NLRB’s top prosecutor seeks big changes, faces uphill battle

The National Labor Relations Board's top prosecutor, Jennifer Abruzzo, poses for a portrait at National Labor Relations Board headquarters in Washington on Monday, June 13, 2022. (AP Photo/Amanda Andrade-Rhoades)

As workers at major companies increasingly move to unionize, the political environment for labor couldn’t be more ripe. 

Perhaps nowhere is that more accurate than at the National Labor Relations Board, the agency that enforces the country’s labor laws and oversees union elections. 


In the past year, the Biden-appointed top prosecutor Jennifer Abruzzo has been seeking to overturn precedent and revive decades-old labor policies that supporters say would make it easier for workers to form a union. To get her wish, Abruzzo must have buy-in from the five-member board, whose Democratic majority is expected to be sympathetic to her proposed changes. As for President Joe Biden, he has vowed to be “the most pro-union president” in American history. 

“In the past, there has been a focus on employer rights or employer interests. And I do not believe that comports with our congressional mandate,” Abruzzo said in an interview with The Associated Press. 

The changes Abruzzo seeks come as workers at major companies, including Starbucks, Amazon and most recently, Apple, clinch union victories. But any shifts in the agency’s enforcement of labor law are likely to be reversed under a Republican administration and met with fierce resistance from employers in the federal courts. 

Currently, the agency is in the crosshairs of Amazon, which has been arguing in an NLRB hearing that began earlier this month that the union victory at one of its warehouses on Staten Island, New York, should be tossed out. The e-commerce giant claims labor organizers and the agency acted in a way that tainted the vote. In one of its 25 objections, the company zeros in on a lawsuit filed in March by the NLRB’s Brooklyn office seeking to reinstate a fired Amazon worker who was involved in the union drive.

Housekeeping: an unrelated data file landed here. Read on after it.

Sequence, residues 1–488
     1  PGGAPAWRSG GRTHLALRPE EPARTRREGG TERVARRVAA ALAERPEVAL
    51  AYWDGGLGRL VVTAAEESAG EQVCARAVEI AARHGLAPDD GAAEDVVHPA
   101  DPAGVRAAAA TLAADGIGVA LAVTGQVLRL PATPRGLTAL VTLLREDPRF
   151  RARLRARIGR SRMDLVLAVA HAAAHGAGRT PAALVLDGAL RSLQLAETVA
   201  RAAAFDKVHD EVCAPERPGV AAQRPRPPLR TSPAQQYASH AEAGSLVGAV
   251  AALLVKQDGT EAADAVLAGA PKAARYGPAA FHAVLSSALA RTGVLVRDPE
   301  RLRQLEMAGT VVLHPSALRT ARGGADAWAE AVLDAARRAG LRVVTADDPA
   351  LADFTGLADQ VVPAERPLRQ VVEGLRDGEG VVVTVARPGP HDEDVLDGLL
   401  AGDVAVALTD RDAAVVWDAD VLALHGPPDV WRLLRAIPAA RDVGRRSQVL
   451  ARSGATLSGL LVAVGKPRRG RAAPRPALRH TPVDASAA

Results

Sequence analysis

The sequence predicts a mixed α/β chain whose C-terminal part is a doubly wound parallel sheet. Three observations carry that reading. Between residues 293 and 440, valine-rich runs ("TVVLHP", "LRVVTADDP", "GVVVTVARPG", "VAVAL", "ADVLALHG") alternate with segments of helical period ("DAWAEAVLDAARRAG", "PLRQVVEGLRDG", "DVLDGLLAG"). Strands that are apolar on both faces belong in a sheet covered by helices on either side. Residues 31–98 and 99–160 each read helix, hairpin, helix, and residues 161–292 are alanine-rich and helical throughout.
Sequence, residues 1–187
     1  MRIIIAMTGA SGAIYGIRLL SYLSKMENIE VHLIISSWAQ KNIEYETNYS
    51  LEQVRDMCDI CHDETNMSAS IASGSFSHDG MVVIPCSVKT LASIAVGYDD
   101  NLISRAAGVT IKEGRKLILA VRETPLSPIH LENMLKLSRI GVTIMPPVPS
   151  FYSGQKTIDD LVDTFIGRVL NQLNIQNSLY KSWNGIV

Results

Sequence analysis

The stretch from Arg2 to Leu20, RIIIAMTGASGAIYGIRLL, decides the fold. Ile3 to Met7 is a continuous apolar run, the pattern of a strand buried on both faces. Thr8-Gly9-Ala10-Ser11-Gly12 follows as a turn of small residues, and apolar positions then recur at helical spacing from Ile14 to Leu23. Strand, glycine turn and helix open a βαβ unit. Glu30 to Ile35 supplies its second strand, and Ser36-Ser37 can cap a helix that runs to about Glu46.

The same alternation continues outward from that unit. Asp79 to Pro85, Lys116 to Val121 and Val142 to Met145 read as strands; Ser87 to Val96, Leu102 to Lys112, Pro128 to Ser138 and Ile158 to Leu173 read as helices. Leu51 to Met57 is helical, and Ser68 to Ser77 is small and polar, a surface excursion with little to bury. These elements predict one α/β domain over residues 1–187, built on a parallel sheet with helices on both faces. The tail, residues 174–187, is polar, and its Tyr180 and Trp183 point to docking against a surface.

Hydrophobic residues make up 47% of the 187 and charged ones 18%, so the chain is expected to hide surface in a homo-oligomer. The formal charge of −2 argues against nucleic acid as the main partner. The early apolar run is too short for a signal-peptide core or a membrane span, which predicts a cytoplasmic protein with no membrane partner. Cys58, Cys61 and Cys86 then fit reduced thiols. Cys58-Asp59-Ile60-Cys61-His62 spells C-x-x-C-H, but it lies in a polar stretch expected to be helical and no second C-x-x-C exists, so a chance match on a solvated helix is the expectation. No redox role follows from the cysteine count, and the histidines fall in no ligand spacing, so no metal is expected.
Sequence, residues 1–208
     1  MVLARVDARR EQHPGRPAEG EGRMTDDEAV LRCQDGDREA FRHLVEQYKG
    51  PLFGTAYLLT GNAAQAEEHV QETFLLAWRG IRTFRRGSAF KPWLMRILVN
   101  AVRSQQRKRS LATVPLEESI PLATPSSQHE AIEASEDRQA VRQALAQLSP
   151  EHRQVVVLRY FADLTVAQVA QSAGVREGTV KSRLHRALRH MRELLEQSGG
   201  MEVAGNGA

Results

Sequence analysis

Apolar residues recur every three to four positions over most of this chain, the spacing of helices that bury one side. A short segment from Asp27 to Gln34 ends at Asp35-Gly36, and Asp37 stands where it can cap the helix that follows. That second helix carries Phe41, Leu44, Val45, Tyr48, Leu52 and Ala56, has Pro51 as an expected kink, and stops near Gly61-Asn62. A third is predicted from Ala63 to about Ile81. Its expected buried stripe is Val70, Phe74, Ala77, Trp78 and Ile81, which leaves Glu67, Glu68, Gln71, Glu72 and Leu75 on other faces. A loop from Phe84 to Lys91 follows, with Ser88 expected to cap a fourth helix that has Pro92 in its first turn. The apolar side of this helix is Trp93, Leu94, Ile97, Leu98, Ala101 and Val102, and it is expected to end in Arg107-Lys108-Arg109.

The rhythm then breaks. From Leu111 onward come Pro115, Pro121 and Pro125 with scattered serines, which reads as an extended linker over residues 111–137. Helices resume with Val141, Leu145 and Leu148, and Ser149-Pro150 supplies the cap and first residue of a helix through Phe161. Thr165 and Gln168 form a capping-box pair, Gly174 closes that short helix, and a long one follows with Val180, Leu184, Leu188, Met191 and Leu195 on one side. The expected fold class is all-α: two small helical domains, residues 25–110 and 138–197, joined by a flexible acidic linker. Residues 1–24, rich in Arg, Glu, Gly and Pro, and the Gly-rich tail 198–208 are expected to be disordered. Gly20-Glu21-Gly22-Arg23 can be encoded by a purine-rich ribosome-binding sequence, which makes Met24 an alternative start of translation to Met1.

Abruzzo has said she would “aggressively” seek such remedies during her tenure, and could even pursue cases when an employer has only levied threats against workers. The agency has repeatedly taken Starbucks to federal court since December, most recently on Tuesday when it asked a court to reinstate seven employees in Buffalo, New York that it says were illegally fired for trying to form a union. Abruzzo says she’s also been asking field offices to be on the lookout for other threats to workers. 

Arguably, her most significant move since then has come in an NLRB case filed in April, where she asked the labor board to reinstate Joy Silk, an arcane legal doctrine that could dramatically change how unions typically form in the U.S. 

Joy Silk, which was abandoned nearly 50 years ago, would compel companies to bargain with a union that secures majority support from workers through authorization cards rather than going through a protracted election process. Logan noted that Joy Silk essentially curtails an employers’ ability to wage long anti-union campaigns in the leadup to an election, when unions tend to lose support from workers. 

A formal move towards Joy Silk is expected to be hotly contested by businesses and right-to-work groups who want private-ballot elections. Some experts say elections better capture how workers feel about a union. And the leadup to a vote typically gives companies time to make their case to workers as to why they should reject unionization, which is legal as long as employers follow labor law. 

However, labor activists and pro-union experts argue some employers use the time to fend off organizing by any means necessary, including mandatory meetings in which they lay out all the reasons why workers should reject unionization. 

Though the labor board has allowed employers to mandate such meetings for decades, Abruzzo argued in an April memo that it was based on a misunderstanding of employers’ speech rights and should be outlawed. She’s seeking to make the meetings voluntary for workers. 

Rep. Virginia Foxx, the Republican leader of the House Committee on Education and Labor, slammed Abruzzo’s memo soon after it was released, calling it “a hyper-partisan love letter to unions.” 

“Should the NLRB choose to overturn decades of precedent and silence job creators, the consequences will be disastrous,” Foxx said in a statement at the time. 

Mark Nix, the president of the National Right to Work Legal Defense Foundation, said it’s difficult to take Abruzzo’s quest for more workers’ rights seriously because she’s attempting to overturn a Trump labor board decision that made it easier for employers to suspend bargaining on a future contract when they know a union no longer has majority support. 

Abruzzo has signaled it’s one of the many decisions she intends to undo from the Trump era, when cases were spearheaded by her predecessor Peter Robb, who was widely seen by organized labor and Democrats as favoring employers. Biden later fired Robb. 

“The hypocrisy is off the charts when you think about the employee rights,” Nix said. “When she gets done with the job, she ought to apply for the lobbyist job at the AFL-CIO, because she’s going even farther than union officials have even imagined.”